Gonzaga v. Tennessee

Gonzaga relishing improbable run – Gonzaga looking to make a splash against Tennessee in its own backyard

This opportunity, to play deep into the NCAA tournament as a double-digit seed, is not a new one for the Gonzaga women’s basketball team. It has one it more than any other women’s team in tournament history.

And this opportunity, to play deep into the NCAA tournament as a double-digit seed 2 miles from campus, isn’t a new one, either, for the Bulldogs. They reached the Elite Eight here in 2011.

But this opportunity, this season at No. 11, might not have seemed like it was going to happen for Gonzaga.

Kelly Graves, the coach who built this program into one of the nation’s best mid-major programs, left last spring to take over at Oregon.

Dayton v. Louisville

U of L women not looking past Dayton in Sweet 16

Louisville has won its past three regional semifinals and is facing a team out of the Atlantic 10 that has never made it this far.

“When you get to this point in time, I don’t think the kids even know what round they’re playing in,” Cardinals coach Jeff Walz said Friday. “It’s just the next team that you have to face. The ball’s still the same size, the court’s the same length, everything’s the same.”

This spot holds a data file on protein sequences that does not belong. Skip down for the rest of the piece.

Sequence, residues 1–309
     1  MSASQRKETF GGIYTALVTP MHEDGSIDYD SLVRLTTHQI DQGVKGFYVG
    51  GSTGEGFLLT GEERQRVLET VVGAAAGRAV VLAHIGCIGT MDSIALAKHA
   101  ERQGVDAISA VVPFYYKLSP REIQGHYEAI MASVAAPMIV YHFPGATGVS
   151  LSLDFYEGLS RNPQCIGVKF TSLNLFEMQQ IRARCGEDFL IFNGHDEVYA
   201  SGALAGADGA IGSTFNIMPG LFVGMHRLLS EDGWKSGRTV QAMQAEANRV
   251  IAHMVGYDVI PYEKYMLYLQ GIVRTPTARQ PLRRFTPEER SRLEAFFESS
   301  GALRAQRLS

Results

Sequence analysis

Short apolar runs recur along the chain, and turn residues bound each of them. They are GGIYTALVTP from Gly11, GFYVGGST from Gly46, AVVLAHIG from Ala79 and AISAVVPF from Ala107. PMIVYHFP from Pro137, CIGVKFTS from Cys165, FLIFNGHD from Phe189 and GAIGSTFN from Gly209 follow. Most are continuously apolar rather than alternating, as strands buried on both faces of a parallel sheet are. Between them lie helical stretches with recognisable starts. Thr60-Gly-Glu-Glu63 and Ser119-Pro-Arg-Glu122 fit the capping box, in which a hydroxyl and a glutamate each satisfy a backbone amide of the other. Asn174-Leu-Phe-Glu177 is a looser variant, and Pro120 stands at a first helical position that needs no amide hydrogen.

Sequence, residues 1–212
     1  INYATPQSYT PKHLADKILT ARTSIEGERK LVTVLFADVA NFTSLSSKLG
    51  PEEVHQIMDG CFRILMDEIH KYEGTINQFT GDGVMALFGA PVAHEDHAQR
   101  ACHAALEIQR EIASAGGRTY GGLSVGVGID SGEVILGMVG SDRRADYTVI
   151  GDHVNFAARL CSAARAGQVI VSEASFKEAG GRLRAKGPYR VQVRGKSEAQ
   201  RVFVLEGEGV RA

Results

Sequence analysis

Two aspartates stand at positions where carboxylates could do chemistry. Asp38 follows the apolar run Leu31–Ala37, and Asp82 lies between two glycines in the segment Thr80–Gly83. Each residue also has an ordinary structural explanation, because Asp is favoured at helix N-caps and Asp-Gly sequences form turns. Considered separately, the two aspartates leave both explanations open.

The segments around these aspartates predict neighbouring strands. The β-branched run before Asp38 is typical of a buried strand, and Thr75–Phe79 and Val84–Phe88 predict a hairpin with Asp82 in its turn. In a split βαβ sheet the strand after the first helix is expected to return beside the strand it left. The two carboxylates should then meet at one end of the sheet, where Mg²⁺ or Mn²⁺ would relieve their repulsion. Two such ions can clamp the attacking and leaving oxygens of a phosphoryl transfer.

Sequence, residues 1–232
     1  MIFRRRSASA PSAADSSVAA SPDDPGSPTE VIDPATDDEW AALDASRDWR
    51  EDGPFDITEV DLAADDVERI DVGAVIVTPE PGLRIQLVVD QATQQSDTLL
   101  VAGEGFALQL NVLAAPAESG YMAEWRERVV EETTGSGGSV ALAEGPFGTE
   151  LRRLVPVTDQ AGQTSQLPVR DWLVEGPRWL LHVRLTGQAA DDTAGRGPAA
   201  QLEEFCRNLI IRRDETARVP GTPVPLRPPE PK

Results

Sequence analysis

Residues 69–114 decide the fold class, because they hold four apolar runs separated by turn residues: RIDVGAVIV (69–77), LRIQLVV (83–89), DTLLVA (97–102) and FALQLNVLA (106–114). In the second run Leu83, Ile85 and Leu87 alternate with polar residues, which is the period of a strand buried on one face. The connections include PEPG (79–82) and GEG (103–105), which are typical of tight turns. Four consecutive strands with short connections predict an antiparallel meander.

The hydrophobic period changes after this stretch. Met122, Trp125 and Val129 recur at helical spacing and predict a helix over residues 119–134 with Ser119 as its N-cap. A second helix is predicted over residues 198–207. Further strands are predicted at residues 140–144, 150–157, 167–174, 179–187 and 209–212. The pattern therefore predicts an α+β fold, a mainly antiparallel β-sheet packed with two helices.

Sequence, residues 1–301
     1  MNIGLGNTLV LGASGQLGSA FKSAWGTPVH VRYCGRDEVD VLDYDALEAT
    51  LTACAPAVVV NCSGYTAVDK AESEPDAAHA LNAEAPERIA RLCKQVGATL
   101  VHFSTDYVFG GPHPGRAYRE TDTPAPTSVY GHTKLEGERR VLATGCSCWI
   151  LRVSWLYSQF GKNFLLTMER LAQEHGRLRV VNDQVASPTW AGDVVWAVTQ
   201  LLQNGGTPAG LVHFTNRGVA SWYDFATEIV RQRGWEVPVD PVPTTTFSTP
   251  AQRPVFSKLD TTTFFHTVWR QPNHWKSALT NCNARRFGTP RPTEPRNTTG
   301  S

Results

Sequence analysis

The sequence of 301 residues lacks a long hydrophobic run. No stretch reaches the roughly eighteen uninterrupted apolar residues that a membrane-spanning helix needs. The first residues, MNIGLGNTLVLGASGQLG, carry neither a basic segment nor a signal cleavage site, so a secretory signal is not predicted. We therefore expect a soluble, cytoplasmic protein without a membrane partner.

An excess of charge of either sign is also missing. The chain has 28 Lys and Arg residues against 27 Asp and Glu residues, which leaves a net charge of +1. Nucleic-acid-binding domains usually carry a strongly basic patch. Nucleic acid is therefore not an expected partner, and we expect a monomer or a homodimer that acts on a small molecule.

Dayton trying to knock off second team from Kentucky

Dayton has already upset one team from Kentucky in the NCAA Tournament and the Flyers don’t see why a game with Louisville should be any different.

“Playing UK on their home court really prepared us,” said senior guard Andrea Hoover. “That was a tough environment for us and playing here on a neutral court against Louisville, we’re more than prepared.”

Dayton, Louisville set for NCAA Tournament matchup

The Flyers will try to solve an unpredictable Louisville defense that uses halfcourt trapping and fullcourt pressure to force 20.1 turnovers per game.

“I think it’s a great challenge,” said Dayton head coach Jim Jabir, who held the same title at Siena from 1987 to 1990. “They’re a very well-coached team. They’re very aggressive. We just played Kentucky, and we pretty much knew what we were going to see. With Louisville, you’re going to see pressure, but it’s going to be different kinds. It’s going to come at you in different ways.”

Whitaker enjoying march to Sweet 16 – Former Lady Topper coaching against Louisville

Rob offers a 2015 NCAA Preview – Spokane Regional